You foolish person, do you want evidence that faith without deeds is useless? James 2, verse 20
We are skeptical, you and me. One of my favorite movie lines is from Judy the Elf in “The Santa Clause.” “Seeing isn’t believing. Believing is seeing,” says the small elf to the very shocked new Santa. In my estimation, that line sums up a lot of following Jesus. Only when we truly believe in Jesus do we really see things clearly.
Yet even then, we want evidence. We want proof, something we can touch and feel. I’ll spare you the “it’s ok because Doubting Thomas the apostle wanted evidence too.” You know it. Instead, let’s simply fess up to our shortcomings and accept the hard truth of it. We want evidence. We don’t fully believe, so we want proof.
This could be a case of ‘be careful what you wish for’ because James brings us to task, saying that those who demand proof because of their own unbelief are fools. It’s not enough for God to say to us “this is the way it is. Trust me.” No, we want more than that. James paints such people – people like us – as fools. Stop me if I’m wrong but it’s not exactly complimentary to have the brother of Jesus Christ, another of Mary and Joseph’s real children, telling us that we’re fools.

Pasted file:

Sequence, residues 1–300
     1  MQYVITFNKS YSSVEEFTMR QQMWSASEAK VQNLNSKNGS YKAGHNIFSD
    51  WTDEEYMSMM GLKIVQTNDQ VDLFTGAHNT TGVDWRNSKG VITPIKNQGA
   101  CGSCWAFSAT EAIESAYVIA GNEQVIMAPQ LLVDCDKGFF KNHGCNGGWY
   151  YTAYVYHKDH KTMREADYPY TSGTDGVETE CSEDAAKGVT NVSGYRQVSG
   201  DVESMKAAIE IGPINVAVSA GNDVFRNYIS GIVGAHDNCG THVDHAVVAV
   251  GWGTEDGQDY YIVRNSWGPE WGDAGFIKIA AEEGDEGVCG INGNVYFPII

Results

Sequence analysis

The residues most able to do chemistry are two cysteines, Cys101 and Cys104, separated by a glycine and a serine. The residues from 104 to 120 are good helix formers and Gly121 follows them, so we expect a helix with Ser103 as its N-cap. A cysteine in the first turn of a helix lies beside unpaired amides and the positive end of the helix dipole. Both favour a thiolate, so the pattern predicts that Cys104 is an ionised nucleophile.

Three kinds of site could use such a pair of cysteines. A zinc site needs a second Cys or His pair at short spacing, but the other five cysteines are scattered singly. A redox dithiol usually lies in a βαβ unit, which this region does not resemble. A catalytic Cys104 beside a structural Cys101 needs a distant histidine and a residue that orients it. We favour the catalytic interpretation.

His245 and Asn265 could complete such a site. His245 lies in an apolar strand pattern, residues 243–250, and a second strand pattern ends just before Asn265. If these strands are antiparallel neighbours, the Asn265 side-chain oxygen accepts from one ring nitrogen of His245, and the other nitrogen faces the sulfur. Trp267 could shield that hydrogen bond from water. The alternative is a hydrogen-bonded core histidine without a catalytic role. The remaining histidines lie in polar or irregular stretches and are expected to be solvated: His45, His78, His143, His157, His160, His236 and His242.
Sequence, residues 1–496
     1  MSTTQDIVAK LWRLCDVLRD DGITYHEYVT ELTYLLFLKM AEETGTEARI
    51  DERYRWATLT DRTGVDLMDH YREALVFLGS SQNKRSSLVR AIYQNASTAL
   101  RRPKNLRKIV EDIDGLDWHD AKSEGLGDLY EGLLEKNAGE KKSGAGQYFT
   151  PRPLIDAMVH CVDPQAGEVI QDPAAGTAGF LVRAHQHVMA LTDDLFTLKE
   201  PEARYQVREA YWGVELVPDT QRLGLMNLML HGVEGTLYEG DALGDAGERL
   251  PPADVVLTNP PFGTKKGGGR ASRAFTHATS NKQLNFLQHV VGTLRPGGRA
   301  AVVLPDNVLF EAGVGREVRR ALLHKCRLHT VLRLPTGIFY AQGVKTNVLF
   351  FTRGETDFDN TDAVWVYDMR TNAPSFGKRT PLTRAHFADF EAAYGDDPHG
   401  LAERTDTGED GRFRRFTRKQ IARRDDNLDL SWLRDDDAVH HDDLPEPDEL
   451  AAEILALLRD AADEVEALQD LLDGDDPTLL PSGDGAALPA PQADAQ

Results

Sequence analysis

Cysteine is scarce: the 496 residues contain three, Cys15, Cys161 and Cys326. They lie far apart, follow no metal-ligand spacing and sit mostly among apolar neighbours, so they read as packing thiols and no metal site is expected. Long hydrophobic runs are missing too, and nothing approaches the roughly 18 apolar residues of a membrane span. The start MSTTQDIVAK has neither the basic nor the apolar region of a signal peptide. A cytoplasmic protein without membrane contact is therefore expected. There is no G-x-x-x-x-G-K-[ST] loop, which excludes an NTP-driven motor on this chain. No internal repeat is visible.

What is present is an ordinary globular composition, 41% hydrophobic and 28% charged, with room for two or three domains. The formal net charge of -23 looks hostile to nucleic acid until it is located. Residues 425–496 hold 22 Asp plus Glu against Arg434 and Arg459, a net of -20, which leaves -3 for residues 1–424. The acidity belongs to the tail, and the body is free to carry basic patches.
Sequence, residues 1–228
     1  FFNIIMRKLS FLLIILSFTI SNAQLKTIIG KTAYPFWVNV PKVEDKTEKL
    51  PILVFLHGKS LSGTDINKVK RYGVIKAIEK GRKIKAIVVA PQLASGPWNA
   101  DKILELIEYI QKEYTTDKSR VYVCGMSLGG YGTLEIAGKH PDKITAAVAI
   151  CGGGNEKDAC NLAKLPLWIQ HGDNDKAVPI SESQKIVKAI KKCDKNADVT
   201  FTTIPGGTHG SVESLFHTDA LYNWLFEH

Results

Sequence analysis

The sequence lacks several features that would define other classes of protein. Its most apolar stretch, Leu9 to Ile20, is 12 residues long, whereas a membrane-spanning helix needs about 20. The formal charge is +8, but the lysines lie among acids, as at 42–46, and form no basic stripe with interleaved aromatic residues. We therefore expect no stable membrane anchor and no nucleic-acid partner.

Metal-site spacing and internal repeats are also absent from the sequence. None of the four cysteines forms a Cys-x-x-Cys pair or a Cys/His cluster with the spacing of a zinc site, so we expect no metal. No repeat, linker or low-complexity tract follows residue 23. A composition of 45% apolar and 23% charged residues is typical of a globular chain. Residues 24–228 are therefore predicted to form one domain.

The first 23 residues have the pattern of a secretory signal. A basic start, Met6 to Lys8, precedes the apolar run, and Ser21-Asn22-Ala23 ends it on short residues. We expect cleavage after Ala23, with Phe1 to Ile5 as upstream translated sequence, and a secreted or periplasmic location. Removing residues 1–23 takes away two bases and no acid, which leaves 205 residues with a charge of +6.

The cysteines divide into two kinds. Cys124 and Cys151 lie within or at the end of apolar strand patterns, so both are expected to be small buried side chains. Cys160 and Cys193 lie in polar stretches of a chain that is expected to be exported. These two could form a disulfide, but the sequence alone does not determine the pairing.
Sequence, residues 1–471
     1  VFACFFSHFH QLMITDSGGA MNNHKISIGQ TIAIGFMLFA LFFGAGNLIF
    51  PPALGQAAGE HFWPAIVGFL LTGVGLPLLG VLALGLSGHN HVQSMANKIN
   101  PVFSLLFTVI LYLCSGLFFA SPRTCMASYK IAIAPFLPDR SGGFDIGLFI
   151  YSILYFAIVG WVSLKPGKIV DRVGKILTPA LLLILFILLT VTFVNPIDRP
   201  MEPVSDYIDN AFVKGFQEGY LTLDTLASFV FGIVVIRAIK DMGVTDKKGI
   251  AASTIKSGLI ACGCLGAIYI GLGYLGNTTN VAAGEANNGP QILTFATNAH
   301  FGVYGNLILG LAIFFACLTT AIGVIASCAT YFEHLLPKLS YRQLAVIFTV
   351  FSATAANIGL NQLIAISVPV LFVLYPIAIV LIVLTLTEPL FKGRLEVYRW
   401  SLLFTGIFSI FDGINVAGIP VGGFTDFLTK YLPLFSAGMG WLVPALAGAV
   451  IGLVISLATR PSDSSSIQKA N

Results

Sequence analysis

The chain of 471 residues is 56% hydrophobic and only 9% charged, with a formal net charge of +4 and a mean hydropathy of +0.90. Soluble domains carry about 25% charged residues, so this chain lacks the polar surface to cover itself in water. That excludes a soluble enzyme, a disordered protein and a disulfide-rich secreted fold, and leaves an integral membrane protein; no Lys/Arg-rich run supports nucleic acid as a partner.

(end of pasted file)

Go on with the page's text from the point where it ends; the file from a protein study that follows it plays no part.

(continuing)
But that’s the reward, the just-due, for our skepticism. Foolishness. That’s a first-century way of saying some not-so-nice things to us that I won’t describe in twenty-first century vernacular. We don’t believe because we don’t see. Some of us, even when we see, still don’t believe. Perhaps not even some: perhaps most. It’s the way of a fallen world. When what we believe matters, and then what we do about that belief matters, it’s reasonable for James to say to us that this is self-evident. That it’s true for all of us. We’re all doubters; we all have times when we just don’t see.
In those times, James reminds us, our deeds should remind us of our faith because our deeds matter, because faith matters more. What we do about our faith is not only evidence to others. What we do should be a reminder to us that we have faith. More importantly, what we do should be a reminder to us that Jesus has faith in us whether we do things for Him or not. No matter where we are, or what we do that matters, Jesus believes in us even when we don’t always fully believe in Him. Only by believing in Jesus do we really see how it is faith that matters most, and that faith is then proven to a weary world by how we live it out. Skeptical or not, that simply is the way it is.
Lord, help my unbelief.
What things make you skeptical?
In what ways are you skeptical about your faith?
“Are you fully trusting in His grace this hour?”